Petite-positivity can be easily converted to petite-negativity through single mutation and vice versa (reviewed in Chen & Clark-Walker, 1999; Contamine & Picard, 2000; Dunn et al., 2006). Even though a single mutation can switch over petite phenotype, mutations that allow the transition of just a minor part of the yeast population (likewise in yeasts with moot phenotype) have not been reported yet.
The partial ability and unusual high frequency of petite formation distinguishes this class of yeasts from ‘petite susceptible’ species such as Schizosaccharomyces pombe and Kluyveromyces lactis. These yeasts are capable to convert to ρ0 variants due to single nuclear mutations. However, the frequency is extremely low (one to a few colonies per experiment) and requires long-term exposure (14–17 days) to EB (Haffter & Fox, 1992; Chen & Clark-Walker, 1995, 1999). Mutations converting Kluyveromyces lactis to petite-positive have been already identified in three largest subunits of the mitochondrial F1-ATPase, suggesting the essential nature of the functional ATPase in mitochondria, especially in the cells that have lost mtDNA. Apparently, two key features are important for the ability to survive without mtDNA. It is the capacity to provide enough energy from glycolysis, when the key energy source is disabled (Merico et al., 2007), and the capability of supporting mitochondrial biogenesis (Chen & Clark-Walker, 1999; Clark-Walker, 2003; Smith & Thorsness, 2005).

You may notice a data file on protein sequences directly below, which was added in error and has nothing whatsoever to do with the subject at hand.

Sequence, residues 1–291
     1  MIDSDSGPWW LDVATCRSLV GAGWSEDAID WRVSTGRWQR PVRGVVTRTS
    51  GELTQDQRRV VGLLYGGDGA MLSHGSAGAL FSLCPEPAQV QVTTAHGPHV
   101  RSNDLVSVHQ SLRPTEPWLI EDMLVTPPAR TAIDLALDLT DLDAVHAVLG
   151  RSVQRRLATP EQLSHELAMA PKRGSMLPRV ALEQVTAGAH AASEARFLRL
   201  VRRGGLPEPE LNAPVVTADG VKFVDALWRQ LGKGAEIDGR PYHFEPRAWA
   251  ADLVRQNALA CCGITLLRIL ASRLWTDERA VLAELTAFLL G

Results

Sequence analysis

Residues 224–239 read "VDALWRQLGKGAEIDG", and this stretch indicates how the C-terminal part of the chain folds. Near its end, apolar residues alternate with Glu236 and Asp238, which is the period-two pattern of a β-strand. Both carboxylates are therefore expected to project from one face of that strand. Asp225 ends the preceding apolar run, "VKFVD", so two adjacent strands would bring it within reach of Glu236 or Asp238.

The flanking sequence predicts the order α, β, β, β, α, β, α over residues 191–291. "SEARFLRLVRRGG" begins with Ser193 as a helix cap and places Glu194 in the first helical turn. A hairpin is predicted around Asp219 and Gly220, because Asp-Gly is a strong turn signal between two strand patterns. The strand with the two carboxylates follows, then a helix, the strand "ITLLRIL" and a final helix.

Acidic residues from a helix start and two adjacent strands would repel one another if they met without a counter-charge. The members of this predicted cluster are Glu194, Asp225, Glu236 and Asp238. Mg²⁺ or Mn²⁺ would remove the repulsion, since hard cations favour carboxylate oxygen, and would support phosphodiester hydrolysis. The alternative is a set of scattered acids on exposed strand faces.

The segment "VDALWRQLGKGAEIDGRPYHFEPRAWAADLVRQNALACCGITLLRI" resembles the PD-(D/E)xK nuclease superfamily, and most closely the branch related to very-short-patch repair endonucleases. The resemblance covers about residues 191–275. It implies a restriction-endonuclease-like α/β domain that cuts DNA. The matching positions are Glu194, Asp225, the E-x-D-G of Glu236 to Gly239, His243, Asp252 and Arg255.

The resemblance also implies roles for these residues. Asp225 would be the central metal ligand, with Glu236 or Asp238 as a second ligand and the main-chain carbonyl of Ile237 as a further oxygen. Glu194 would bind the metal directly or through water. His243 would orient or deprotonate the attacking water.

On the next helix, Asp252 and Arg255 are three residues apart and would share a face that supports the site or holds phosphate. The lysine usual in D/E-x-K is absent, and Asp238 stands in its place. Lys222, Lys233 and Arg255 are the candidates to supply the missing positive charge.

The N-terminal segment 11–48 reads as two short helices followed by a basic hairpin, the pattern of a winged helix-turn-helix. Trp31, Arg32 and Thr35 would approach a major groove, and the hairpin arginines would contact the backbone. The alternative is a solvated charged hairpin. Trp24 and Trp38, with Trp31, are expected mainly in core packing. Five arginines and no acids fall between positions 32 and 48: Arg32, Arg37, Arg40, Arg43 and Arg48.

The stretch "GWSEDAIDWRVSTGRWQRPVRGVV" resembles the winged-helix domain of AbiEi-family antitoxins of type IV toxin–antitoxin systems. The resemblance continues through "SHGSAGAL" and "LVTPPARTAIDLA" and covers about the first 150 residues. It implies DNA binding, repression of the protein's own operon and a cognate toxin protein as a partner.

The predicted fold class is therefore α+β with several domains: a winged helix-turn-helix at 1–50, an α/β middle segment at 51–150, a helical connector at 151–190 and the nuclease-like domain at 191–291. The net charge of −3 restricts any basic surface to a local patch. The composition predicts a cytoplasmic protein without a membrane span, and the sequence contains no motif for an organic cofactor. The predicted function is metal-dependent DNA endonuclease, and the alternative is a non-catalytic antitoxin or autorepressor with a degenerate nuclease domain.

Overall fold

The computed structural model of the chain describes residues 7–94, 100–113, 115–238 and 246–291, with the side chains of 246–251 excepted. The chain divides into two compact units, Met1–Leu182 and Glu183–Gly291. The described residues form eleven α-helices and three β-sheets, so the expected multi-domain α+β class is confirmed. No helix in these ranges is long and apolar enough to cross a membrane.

Functional protein import machinery is essential for the mitochondrial biogenesis and consequently for the viability of cells. Two energy supplies, membrane potential and ATP, are needed for mediating protein translocation across and insertion into the inner membrane (for reviews Mokranjac & Neupert, 2005; de Marcos-Lousa et al., 2006). Consequently, survival and growth of yeasts depends on the generation of a voltage gradient, across the mitochondrial inner membrane (St-Pierre et al., 2000; Clark-Walker, 2003; Schnaufer et al., 2005). However, in cells lacking mtDNA it can be generated only as a result of the electrogenic nature of an ADP/ATP translocator, an inner membrane protein exchanging the cytosolic ATP4− for mitochondrial ADP3− (for reviews see Pebay-Peyroula & Brandolin, 2004; Nury et al., 2006). Keeping a constant level of ADP inside the mitochondria by ATP hydrolysis is essential for the maintenance of membrane potential. Therefore, the activity of the F1-ATPase subunit is indispensable and can be tuned up by the mutations in F1 subunits (Chen & Clark-Walker, 1995; Clark-Walker, 2003; Smith & Thorsness, 2005) or by increasing the overall mitochondrial ATPase activity (Kominsky & Thorsness, 2000).